CONTRIBUTED BY JOY BARNES
My husband and I were feeling the itch to set out on another vacation, but we were looking for a weekend family get-away, close to home. And on a recommendation from our neighbor, we set our sights on Tokashiki Island.
Tokashiki is one of the Kerama Islands off the coast of Okinawa and is accessible by a 35-minute express ferry or a 70-minute large ferry (with the ability to transport vehicles). We opted for the longer ferry to bring our car because we enjoy the freedom of exploring on our own. However, I’d recommend the express ferry to others who prefer simply being a “beach bum”—which is a perfectly respectable past-time in the Keramas! (Just as a word of caution: I’m not a person who normally gets motion sickness, but I’ll politely say, I lost it on the trip over. It was a very windy day, so be prepared if the seas are not looking calm!)
We stayed for two nights — but a day-trip, using the express ferry, would be easy to do. There are over two dozen small hotels and hostels to choose from on the island. Most appeared to be small, run-down beach inns, but this actually adds to the laid-back feel of the island. We stayed at the Tokashiku Marine Village Hotel, directly on Tokashiku Beach. What the hotel lacked in amenities and room aesthetics, it made up for in the hospitality of its staff, and above all, the beauty of the location. Tokashiku Beach was spectacular. It’s about a half-mile stretch of sand, carved out between mountains, and at the risk of sounding trite, it had crystal-clear blue waters.
The other main beach on Tokashiki is Aharen Beach which was larger than Tokashiku and appeared to be a little more commercialized. The majority of the inns and dive shops were also located in the village of Aharen. So, if you’re looking for a little more action, Aharen would be the place to go. In addition to Aharen and Tokashiku, the only other village on the island is Tokashiki Port. Outside of these 3 small villages, the island mostly consists of undeveloped mountain landscape. That was perhaps the most surprising feature of the island. We were just a short ferry ride from Okinawa, yet the landscape was dramatically more mountainous.
Because we had our car, we explored the “sights” of Tokashiki, which mostly consisted of three small WWII memorials, the largest roller-slide we’ve ever seen, and multiple scenic overlooks. The highlight of these was definitely the scenery. The brochure of the island says, “Enter the world of endless panorama,” and that sums it up much better than I can. The vistas were remarkable and it was beautiful to see the other islands of the Keramas on the horizon.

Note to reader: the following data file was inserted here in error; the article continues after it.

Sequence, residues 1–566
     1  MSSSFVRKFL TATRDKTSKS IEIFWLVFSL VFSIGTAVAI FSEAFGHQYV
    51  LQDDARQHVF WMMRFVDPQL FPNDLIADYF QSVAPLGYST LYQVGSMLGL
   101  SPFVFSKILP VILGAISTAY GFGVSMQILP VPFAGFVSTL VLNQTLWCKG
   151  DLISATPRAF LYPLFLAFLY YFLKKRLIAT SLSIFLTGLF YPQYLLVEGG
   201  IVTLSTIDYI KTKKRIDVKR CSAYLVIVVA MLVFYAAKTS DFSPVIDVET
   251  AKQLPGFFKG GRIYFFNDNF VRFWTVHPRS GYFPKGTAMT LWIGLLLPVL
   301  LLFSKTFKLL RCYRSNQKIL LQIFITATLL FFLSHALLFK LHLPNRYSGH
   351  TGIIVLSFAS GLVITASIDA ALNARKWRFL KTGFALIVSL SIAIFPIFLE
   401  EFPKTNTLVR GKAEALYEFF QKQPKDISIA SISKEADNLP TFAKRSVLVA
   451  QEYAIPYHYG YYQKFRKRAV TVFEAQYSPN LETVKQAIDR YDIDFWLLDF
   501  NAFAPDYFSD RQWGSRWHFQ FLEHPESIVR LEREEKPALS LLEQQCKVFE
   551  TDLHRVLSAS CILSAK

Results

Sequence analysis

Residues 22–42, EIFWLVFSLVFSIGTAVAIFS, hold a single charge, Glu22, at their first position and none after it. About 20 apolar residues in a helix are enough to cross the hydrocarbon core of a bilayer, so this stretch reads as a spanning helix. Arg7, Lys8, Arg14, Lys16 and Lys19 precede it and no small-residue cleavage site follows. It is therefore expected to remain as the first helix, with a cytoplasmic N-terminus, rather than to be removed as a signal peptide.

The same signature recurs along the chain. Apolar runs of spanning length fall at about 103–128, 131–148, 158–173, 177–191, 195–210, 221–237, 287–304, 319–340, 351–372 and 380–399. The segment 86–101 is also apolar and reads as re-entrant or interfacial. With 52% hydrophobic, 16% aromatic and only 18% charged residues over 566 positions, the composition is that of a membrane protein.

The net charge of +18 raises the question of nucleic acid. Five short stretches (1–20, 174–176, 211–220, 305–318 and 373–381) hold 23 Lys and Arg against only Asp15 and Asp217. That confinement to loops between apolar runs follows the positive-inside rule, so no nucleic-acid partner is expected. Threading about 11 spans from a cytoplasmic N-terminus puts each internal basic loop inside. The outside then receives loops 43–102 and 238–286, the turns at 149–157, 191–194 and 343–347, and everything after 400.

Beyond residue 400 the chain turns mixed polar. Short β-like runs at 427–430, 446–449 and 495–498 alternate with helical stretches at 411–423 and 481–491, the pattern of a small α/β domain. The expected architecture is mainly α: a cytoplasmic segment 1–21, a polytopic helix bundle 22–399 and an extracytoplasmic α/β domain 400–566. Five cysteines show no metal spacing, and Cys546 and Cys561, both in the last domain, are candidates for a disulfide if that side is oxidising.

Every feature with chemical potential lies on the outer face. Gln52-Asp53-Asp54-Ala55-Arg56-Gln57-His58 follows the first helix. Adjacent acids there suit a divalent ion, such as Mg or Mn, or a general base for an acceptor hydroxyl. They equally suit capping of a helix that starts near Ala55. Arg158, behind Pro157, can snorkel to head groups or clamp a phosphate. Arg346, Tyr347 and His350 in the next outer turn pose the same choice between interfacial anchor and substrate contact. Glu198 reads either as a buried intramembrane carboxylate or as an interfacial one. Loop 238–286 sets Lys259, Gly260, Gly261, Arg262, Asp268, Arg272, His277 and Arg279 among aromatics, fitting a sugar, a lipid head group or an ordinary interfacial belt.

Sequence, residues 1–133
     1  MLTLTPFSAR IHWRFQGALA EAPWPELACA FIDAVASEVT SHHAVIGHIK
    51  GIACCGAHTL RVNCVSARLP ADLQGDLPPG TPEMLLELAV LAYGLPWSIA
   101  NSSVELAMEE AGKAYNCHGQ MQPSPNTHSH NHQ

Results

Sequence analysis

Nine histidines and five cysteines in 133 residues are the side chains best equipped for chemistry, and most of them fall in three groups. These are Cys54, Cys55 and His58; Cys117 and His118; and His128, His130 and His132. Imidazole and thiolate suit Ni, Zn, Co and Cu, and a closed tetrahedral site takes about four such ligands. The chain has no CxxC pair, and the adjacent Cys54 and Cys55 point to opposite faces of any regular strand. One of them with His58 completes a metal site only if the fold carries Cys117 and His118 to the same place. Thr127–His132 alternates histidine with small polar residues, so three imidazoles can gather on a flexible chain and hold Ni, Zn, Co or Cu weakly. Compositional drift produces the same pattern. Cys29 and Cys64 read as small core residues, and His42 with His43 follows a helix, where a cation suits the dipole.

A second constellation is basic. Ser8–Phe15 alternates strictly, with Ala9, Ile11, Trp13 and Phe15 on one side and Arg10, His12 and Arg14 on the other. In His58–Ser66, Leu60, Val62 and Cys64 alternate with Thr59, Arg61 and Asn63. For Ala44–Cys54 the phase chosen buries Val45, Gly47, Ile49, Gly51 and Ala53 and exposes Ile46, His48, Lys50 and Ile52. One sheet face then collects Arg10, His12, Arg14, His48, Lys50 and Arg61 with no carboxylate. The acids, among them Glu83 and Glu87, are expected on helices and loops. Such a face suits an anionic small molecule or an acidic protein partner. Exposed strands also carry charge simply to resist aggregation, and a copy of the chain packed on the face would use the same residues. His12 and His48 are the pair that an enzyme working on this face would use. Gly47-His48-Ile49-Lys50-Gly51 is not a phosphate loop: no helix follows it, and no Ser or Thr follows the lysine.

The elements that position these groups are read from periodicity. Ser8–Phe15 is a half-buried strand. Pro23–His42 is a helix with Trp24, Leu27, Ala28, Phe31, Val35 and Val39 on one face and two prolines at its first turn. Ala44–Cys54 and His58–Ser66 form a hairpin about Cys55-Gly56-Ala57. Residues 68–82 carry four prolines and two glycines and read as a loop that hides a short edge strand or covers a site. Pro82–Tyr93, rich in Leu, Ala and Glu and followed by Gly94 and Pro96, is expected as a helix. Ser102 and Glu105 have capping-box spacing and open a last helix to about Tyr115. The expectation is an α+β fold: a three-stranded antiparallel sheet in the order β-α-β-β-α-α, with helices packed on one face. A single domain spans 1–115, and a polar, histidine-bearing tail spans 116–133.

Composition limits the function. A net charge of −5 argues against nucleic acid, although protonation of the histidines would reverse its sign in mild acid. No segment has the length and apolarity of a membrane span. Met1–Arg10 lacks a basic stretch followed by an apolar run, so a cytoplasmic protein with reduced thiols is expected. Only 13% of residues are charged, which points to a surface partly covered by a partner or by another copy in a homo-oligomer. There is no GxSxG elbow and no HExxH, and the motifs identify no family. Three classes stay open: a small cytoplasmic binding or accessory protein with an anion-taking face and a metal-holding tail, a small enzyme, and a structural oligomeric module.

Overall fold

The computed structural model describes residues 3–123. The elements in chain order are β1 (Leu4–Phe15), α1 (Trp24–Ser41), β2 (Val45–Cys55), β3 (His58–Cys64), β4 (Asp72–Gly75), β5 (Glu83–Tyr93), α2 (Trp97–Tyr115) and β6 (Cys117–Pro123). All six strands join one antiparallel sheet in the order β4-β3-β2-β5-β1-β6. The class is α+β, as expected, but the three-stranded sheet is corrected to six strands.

However, most people don’t visit the Keramas to simply drive around and look at the ocean. They visit the to go under the ocean! The Keramas are known for world-class diving and snorkeling. I bravely got over my fear of sea creatures and tried snorkeling for the first time. Just off the shoreline I saw a beautiful 2 ½ foot silvery-blue fish. (I know that’s not the scientific name, but remember, I’m a novice!) After that first encounter, I was hooked. Further off shore I was amazed at the coral and bright colored tropical fish. However, the piece de resistance was the giant… I’m talking HUGE… sea turtle I saw. It was truly remarkable to see this graceful creature in its own habitat. I can now understand the appeal of scuba diving here in Okinawa and our surrounding islands.
Our getaway to Tokashiki turned out to be a nice little escape when we were starting to feel a little restless here on Okinawa. It proved to be easy to get to and the low-key, relaxed atmosphere of the island was just what our family needed.
Get a sneak peek of Tokashiki Island on this video by Wandering Waffle Heads:
Details: There is a basic website for Tokashiki Island which has a few details about the island. It also contains the very important ferry information regarding, schedules, pricing, and reservations, etc.
I would highly recommend booking a reservation for the ferry, especially during peak seasons. (I saw the Americans in line ahead of us, turned away because the ferry was full. What a disappointing way to start out your adventure.)
Directions: The ferries for Tokashiki leave from the Tomari Port in Naha, just north of the airport. (The following directions to the port were taken from a past Okinawa Hai post about Zamami, another of the Kerama Islands.) Tomari port is very easy to get to. Head south on Route 58 toward Naha past Camp Kinser. Cross the bridge after Kinser and take a right at the forth traffic light – you will see Tomari port on your left. Take your first left into the port parking lot.
Prices: The Marine Liner Tokashiki is the express ferry and a round trip costs 4620 yen/adult and 2320 yen/child. The Ferry Kerama is the longer, automobile ferry and costs 3080 yen/adult and 1540 yen/child, plus the cost of your car which is determined by length of your vehicle (one adult is included in the price of the car).